Michael Vincent, money in politics, congressIt’s almost ironic how often republicans who adhere themselves to the strict language of the Constitution take the liberty to assert that when our founding fathers said “free speech,” what they really meant to say was “paid speech.” It is this unique take on democracy that has gradually, in small stabs and more recently, with the Citizens United Supreme Court ruling, in leaps, chipped away at the principle and practice of democratic representation in America.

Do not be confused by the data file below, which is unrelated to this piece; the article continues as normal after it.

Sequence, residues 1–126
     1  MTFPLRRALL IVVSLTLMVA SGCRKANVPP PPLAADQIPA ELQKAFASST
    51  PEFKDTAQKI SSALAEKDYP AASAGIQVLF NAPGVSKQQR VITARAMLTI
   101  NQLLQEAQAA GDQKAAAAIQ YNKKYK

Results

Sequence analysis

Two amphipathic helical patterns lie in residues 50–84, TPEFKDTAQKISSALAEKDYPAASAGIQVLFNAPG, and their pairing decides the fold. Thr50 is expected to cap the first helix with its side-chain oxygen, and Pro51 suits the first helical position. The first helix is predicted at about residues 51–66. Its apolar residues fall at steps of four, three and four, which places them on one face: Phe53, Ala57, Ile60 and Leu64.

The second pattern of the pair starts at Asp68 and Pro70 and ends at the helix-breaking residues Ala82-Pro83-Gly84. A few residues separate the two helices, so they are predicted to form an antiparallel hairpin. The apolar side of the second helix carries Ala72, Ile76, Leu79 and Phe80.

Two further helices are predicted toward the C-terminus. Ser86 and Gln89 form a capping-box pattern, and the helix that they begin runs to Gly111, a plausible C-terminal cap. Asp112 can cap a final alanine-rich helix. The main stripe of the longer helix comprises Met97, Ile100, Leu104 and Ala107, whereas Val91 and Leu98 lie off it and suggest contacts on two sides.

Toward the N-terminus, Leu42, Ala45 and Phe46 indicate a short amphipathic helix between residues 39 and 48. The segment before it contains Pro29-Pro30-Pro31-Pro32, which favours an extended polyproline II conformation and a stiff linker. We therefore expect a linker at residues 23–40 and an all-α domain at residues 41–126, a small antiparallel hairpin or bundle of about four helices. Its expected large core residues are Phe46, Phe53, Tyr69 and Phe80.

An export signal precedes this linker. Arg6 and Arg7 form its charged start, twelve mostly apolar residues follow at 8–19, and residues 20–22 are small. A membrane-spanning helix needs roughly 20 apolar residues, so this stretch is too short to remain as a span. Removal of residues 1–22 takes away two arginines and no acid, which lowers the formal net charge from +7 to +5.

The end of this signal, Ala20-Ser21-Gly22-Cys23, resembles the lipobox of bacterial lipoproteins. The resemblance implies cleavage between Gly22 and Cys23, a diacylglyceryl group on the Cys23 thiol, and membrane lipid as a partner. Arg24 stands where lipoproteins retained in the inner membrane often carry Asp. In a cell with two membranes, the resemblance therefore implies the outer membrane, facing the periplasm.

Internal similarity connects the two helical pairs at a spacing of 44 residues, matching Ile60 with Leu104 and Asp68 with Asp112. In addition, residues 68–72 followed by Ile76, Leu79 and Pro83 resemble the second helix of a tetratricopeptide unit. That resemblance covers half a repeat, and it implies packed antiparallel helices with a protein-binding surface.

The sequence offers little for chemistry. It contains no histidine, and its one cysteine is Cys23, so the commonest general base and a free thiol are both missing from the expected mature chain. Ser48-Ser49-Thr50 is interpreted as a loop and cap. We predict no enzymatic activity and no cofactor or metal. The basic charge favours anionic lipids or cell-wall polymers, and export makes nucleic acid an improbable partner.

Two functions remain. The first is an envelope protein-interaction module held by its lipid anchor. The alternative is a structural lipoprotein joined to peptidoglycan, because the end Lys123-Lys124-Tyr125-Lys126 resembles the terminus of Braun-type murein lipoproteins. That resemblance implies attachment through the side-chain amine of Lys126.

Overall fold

The idea that corporations that possess a vastly disproportionate amount of resources and wealth while retaining protection of personal assets under the benefits of incorporation offends common sense and begs the question as to how corporations can be people when for every inch of rights and power that corporations gain, people lose an inch of theirs. This raises the issue not of when special interests’ freedom of expression begins and where individuals’ end, but when the rights of individuals are so suffocated that our First Amendment has become a tool used to defeat the populace it was meant to empower. The question now is how to even the playing field. The first step is aggressive campaign finance reform.